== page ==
In the present study, non-exclusive breast feeding was predominant with the majority of them giving water in addition to breast milk for 6 months. This could be due to the mothers’ lack of proper understanding of what exclusive breast feeding means, though a Nigerian study in a rural community in the South-West region reported that the mothers felt that the babies need water to “quench their thirst” [13] .

In the present study, the majority of the respondent’s reasons for not practicing exclusive breastfeeding were work-school activities and the feeling that breast milk was insufficient for the needs of the baby. This could probably explain why up to 61% of the respondents that were practicing non-exclusive breast feeding gave a cereal or infant formula in addition to the breast milk for 3 - 6 months. The issue of work as a reason for not practising exclusive breastfeeding and the feeling that breast milk is insufficient has also been reported in a number of other Nigerian studies [13] [14] [19] .

In the present study, majority of the respondents reported that they would completely stop breastfeeding when the child is between 10 - 14 months with a decreasing proportion of respondents reporting that, they would completely stop as the child reaches 24 months or more. On the contrary, a study by Oche et al. [15] , though the sample size was relatively small, reported that most of their study participants, stopped breastfeeding when the child was between the ages of 16 - 20 months.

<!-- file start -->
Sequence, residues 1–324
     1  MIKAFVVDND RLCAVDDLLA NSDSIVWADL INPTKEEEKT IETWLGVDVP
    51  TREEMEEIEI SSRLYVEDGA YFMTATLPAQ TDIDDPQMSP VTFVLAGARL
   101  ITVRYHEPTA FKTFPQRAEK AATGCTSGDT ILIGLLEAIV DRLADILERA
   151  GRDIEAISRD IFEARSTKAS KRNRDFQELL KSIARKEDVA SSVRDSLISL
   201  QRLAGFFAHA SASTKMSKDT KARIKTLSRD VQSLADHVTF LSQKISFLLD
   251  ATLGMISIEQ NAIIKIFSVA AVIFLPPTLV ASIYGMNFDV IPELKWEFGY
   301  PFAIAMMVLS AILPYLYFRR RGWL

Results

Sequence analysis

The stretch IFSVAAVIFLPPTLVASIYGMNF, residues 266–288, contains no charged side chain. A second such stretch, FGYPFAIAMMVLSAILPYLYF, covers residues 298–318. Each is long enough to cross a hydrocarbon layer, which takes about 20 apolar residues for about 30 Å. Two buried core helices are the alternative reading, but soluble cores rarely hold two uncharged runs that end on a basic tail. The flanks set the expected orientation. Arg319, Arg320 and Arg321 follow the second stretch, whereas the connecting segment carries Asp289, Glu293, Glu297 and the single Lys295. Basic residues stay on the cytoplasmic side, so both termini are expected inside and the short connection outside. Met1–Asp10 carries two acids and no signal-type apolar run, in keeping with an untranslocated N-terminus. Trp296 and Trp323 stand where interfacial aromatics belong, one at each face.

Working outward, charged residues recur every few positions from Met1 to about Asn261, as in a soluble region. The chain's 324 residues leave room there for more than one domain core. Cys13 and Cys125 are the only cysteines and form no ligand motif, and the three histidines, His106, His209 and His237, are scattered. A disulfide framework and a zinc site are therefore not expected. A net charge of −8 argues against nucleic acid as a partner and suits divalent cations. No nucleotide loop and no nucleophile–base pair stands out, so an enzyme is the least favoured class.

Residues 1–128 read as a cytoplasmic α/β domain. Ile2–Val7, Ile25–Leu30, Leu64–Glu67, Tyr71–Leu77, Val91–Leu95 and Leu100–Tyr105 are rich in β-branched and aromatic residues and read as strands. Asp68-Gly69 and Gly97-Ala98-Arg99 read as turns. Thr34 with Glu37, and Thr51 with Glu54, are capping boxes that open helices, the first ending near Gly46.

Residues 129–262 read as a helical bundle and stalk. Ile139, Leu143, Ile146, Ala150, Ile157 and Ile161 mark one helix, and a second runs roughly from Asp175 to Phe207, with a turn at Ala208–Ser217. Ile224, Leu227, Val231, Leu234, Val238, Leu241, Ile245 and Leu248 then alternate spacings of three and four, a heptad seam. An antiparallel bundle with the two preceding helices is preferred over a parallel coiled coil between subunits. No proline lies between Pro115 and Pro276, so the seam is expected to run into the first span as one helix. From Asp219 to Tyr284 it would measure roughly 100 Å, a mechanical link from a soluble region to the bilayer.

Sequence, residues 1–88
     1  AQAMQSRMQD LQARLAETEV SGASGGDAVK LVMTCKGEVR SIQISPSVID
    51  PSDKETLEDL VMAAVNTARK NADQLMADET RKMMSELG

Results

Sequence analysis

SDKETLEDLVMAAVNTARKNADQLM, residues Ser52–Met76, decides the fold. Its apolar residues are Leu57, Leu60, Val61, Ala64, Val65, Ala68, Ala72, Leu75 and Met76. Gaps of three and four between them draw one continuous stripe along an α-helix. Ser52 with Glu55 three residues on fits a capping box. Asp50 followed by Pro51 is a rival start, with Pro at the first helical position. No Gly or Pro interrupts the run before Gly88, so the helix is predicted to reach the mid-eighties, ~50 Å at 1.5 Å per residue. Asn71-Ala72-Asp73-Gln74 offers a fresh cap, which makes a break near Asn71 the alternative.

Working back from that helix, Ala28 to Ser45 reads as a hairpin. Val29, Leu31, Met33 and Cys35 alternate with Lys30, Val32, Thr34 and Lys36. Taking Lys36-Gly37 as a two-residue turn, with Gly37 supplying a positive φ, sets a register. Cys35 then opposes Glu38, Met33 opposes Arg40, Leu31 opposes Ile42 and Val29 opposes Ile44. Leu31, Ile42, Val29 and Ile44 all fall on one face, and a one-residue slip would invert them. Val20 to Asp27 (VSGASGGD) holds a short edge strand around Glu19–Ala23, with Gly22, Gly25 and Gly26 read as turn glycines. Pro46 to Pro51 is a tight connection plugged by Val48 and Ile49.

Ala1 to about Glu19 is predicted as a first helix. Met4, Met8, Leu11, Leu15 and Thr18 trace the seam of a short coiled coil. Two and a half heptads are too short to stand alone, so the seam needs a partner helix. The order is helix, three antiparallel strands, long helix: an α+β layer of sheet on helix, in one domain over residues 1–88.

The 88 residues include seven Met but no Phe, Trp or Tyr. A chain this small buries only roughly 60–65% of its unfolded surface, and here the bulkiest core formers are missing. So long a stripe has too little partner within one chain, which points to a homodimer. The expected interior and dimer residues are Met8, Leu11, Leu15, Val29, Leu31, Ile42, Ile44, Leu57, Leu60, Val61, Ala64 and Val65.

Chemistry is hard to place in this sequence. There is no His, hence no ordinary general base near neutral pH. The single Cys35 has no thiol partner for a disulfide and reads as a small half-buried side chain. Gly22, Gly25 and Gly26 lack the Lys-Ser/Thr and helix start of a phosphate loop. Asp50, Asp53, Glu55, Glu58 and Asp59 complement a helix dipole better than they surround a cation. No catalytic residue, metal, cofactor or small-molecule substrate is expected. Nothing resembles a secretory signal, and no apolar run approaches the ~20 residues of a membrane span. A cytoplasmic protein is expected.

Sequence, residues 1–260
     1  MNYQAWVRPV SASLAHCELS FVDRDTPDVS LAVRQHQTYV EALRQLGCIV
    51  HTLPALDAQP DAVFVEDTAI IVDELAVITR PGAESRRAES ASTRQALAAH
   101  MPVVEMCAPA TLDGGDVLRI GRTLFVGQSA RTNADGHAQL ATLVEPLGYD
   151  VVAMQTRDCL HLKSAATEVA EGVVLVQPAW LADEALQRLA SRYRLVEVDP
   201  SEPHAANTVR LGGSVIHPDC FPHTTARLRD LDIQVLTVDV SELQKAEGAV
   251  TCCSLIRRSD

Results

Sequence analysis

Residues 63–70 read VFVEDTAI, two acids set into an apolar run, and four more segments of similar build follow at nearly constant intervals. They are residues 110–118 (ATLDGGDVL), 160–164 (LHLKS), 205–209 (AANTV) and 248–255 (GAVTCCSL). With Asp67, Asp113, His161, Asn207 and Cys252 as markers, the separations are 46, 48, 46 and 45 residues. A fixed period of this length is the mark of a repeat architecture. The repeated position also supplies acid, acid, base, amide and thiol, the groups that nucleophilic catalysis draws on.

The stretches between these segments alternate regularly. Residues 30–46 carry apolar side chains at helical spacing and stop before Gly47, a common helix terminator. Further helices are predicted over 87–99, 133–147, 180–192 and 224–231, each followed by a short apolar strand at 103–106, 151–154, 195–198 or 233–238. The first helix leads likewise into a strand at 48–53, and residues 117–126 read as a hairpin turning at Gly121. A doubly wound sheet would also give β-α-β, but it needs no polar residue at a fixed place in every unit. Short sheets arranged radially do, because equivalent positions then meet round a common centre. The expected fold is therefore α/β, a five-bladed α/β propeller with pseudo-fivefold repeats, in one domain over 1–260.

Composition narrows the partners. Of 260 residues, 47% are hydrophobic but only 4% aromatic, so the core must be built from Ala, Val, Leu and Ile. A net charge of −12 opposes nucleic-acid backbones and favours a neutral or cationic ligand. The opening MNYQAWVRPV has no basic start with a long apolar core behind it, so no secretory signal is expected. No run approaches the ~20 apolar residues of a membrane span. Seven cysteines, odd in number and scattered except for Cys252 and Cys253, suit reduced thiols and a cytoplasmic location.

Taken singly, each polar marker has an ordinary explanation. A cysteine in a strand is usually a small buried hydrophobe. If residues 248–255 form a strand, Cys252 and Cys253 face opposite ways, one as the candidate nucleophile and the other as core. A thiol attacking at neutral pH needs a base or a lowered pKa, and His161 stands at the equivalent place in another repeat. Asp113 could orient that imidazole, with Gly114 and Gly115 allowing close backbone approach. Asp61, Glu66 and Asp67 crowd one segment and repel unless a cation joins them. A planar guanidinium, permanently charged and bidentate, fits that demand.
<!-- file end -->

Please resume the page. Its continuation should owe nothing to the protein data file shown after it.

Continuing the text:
Furthermore, a systematic review of breastfeeding in Nigeria over a 35 year period, reported an increasing trend in the mean duration of breastfeeding from 10 months in 1979 to 13 months in 2014 with varying periods of duration across and within the regions [21] . In spite of this, it appears that, the mean duration of breastfeeding practice in Nigeria is relatively stable and less than optimum; and as such, does not conform with the WHO’s recommendation of continued breastfeeding up to 2 years of age or beyond [1] [3] . This may be attributed but not limited to the cultural diversity in Nigeria with respect to customs, traditions and beliefs; in order words, the role of multifactorial determinants in the practice of breast feeding in Nigeria.